🇺🇸 Williamstown is a town in Berkshire County, in the north-west corner of Massachusetts, United States. It shares a border with Vermont to the north and New York to the west. It is part of the Pittsfield, Massachusetts Metropolitan Statistical Area. A college town, it is home to Williams College, the Clark Art Institute and the Tony-awarded Williamstown Theatre Festival.
Originally called West Hoosac, the area was first settled in 1749. Prior to this time its position along the Mohawk Trail made it ideal Mohican hunting grounds. Its strategic location bordering Dutch colonies in New York led to its settlement, because it was needed as a buffer to stop the Dutch from encroaching on Massachusetts. Fort West Hoosac, the westernmost blockhouse and stockade in Massachusetts, was built in 1756. The town was incorporated in 1765 as Williamstown according to the will of Col. Ephraim Williams, who was killed in the French and Indian War. He bequeathed a significant sum to the town on the condition that the town would be named after him and that a free school would be established. In 1791 the school opened but only lasted a short time as a free school. It became Williams College in 1793.
The primary industry was agriculture, particularly dairy farming, sheep herding and wool production. Sawmills and gristmills operated by water power at the streams. With the Industrial Revolution larger mills were added, including the Walley Mill and Williamstown Manufacturing Company (Station Mill), both of which produced textiles. The A. Loop & Company (Water Street Mill) produced twine. With the opening of the railroad, tourists arrived. Several inns and hotels were established, including the Idlewild Hotel and Greylock Hotel. In the late 1930s and 1940s, E. Parmelee Prentice and his wife Alta, the daughter of John D. Rockefeller, created Mount Hope Farm. With a mansion designed by James Gamble Rogers, it was one of the outstanding experimental farms in the country. Today, it belongs to Williams College, which remains the largest employer in town.
Williamstown is the north-western-most town in Massachusetts. The town is bordered on the north by Pownal, Vermont, on the east by Clarksburg, North Adams and Adams, on the south by New Ashford and Hancock, and on the west by Berlin and Petersburgh, New York.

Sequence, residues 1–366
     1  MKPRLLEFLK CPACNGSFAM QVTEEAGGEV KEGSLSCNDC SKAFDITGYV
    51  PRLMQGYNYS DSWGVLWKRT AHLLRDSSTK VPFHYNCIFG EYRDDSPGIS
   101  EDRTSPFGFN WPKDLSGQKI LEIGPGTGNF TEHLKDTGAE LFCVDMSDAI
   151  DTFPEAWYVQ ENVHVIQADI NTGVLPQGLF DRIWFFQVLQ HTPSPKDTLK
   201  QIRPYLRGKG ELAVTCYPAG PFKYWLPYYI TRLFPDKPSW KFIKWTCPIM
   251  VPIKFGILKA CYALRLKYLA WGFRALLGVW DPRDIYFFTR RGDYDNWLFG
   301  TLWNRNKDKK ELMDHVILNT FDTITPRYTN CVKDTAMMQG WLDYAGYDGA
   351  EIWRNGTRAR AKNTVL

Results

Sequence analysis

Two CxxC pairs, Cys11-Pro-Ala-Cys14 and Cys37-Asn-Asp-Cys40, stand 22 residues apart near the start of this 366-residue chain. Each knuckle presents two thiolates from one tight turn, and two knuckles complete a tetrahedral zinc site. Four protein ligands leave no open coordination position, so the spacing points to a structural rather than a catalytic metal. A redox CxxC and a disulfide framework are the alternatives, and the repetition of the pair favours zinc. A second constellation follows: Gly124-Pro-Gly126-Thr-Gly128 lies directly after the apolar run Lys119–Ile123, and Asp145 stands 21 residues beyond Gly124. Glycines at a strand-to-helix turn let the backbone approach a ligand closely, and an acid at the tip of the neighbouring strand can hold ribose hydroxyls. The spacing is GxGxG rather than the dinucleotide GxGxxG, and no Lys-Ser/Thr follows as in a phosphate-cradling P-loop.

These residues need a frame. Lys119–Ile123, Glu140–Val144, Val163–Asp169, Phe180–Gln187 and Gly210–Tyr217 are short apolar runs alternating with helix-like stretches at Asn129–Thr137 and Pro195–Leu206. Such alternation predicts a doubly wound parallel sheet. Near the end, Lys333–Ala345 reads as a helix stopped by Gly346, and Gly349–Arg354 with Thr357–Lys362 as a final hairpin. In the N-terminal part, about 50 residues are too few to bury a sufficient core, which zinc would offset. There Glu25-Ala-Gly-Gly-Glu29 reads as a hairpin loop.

The town proper lies south-west of the confluence of the Green River and the Hoosic River. To the west, the Taconic Range lines the N.Y. state border and is where Taconic Trail State Park is located. Brodie Mountain rises to the south of town, and Mount Greylock State Reservation occupies the south-west corner of town, with the peak of Mount Greylock and its subsidiary peak Mount Fitch just over the line in Adams. The highest point in town is at 3,320 feet (1,010 m) above sea level, just 0.2 miles (0.32 km) west of the summit of Greylock. The Appalachian Trail skirts the town twice, near the south-east corner of town and again along the North Adams border. To the north-east, Pine Cobble lies along the Clarksburg town line, and to the north lies the Green Mountain National Forest in Vermont.
U.S. Route 7 passes from north to south through the town, crossing into Vermont to the north and New Ashford to the south. Massachusetts Route 2 begins in the town, starting from New York State Route 2 at the Petersburg Pass, then combining with Route 7 for a stretch before heading east into North Adams. From Route 7 westward, it is known as the Taconic Trail; the road does not become the Mohawk Trail in the east until passing through North Adams. Route 43 also begins at Route 2 and heads southward towards Hancock, crossing Route 7 near the fork of the east and west branches of the Green River.
The nearest Amtrak train station, on the Boston-Chicago Lake Shore Limited line is in Pittsfield.
Williamstown has a population of over 7,993 people. Williamstown also forms part of the wider Pittsfield metropolitan area which has a population of over 124,944 people.